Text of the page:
Nomura’s Still Bloated. It’s Time to Cut Deep
(Bloomberg Opinion) -- Japanese companies, after years in the low-growth doghouse, have gained a reputation for being ambitious acquirers. Nomura Holdings Inc. should be equally aggressive — in scaling back.
The nation’s largest brokerage posted its second consecutive quarter of losses on Thursday, dragged down by lower fixed-income trading overseas and a slump in stock trading at home. An 81.4 billion yen ($749 million) goodwill impairment charge in its wholesale business — largely overseas investment banking and markets operations — added to the gloom.
With four straight quarters of pretax losses overseas, there’s no shortage of despondency. Yet Chief Executive Officer Koji Nagai and Chief Financial Officer Takumi Kitamura had nothing to say about job cuts. No word on the Financial Times’s report that Nomura is ready to cut as many as 50 employees from its global trading division, for instance.
It wouldn’t be nearly enough anyway. Nomura is still bloated, even after a costly retrenchment resulting from the purchase of Lehman Brothers Holdings Inc.’s Asian and European businesses in 2008 (Thursday’s swingeing goodwill writedown was partly for that).
Headcount was 28,280 at the end of December. That’s down from a 2011 peak of about 35,000, but barely changed from the 28,186 employees the brokerage had in March 2017. Times then were a lot better for fixed-income trading; Nagai was also reveling in the investment house’s first full year of overseas profit in seven years.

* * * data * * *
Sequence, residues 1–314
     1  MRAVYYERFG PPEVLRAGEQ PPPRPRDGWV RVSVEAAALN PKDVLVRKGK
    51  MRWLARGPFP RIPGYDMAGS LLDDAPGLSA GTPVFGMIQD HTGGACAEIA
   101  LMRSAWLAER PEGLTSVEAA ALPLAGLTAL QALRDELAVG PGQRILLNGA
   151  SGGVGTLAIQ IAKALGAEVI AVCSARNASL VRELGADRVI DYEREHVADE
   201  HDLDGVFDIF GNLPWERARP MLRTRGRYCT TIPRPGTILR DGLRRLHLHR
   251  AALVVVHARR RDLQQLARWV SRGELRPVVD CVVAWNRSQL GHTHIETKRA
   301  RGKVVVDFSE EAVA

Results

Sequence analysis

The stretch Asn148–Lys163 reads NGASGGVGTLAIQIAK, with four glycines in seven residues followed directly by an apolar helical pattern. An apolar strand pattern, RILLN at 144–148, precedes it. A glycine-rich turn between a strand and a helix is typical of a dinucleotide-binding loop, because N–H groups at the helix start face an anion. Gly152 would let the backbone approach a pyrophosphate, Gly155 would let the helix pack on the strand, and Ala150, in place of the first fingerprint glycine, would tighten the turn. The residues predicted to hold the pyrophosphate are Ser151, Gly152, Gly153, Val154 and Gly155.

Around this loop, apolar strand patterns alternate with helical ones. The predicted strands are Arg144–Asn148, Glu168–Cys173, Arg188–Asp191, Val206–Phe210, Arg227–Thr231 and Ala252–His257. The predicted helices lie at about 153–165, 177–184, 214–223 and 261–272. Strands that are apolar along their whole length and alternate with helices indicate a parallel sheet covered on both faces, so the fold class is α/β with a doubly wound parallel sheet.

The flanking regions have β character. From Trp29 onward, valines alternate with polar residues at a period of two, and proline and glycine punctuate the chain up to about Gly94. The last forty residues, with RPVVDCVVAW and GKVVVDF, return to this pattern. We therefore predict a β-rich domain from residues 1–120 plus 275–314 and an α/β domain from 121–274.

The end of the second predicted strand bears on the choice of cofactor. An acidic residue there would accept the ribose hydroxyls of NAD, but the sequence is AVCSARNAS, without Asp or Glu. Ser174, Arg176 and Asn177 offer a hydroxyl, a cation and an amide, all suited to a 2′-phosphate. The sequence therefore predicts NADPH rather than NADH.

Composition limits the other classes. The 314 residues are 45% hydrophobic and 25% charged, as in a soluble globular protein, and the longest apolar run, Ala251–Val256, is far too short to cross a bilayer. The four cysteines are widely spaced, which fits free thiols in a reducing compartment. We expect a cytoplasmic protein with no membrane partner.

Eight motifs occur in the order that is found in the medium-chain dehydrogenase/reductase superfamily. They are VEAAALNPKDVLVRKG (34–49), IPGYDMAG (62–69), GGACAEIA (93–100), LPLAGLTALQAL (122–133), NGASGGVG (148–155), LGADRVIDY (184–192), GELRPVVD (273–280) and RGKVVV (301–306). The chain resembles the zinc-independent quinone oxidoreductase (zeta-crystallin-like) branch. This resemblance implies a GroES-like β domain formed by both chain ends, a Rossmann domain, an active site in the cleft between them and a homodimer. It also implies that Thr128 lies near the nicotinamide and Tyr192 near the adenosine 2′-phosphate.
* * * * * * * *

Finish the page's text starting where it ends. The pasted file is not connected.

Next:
The solution is to streamline and focus. That shouldn’t include fixed-income, where Nomura is a market leader. Everyone suffered in fixed-income trading in the last three months of 2018, including Goldman Sachs Group Inc. It’s telling that Deutsche Bank AG is adding 20 traders in its Asian fixed-income and currencies business as emerging market bonds recover amid the Fed’s dovish turn.
Geographically, Europe remains a drag. A workforce of almost 3,000 is almost equal to those in Nomura’s Asian backyard (if back-office operations in India are excluded). That’s even after the firm exited European cash equities in 2016 to make Asia and the U.S. its focus outside Japan. The European cost base is even more glaring when you consider that quarterly net revenue from wholesale banking for the region (including the Middle East and Africa) was just 27.3 billion yen. That compares with 41.3 billion yen in the Americas, where Nomura has 2,384 employees.
The fat isn’t in investment banking or trading. Around half of Nomura’s European employees are in corporate functions such as technology and risk management.
Investment banking outside Japan remains a millstone, though. Nomura ranks 19th for equity underwriting in the Asia-Pacific region outside Japan, according to data compiled by Bloomberg. The firm was largely absent from the boom in Chinese IPOs in Hong Kong in 2018.
Worryingly, Japan isn’t faring much better. The firm retained its top ranking for IPOs after underwriting the IPO of SoftBank Group Corp.’s telecom unit in December, but the quarter was a painful one for trading. Brokerage commissions slumped to 72.72 billion yen from 101.66 billion yen a year earlier.
Nomura needs a presence outside Japan, just a smaller one. A bare-bones operation in Europe, where Wall Street rivals reign in investment banking, would be a start. The firm also needs a tighter focus on the kind of trading it does best. A strategic shift last year toward providing more structured offerings under the client financing and solutions businesses was a move in the right direction.
Chipping away at the edges isn’t working. Nomura needs to wield the knife.
This column does not necessarily reflect the opinion of the editorial board or Bloomberg LP and its owners.
Nisha Gopalan is a Bloomberg Opinion columnist covering deals and banking. She previously worked for the Wall Street Journal and Dow Jones as an editor and a reporter.
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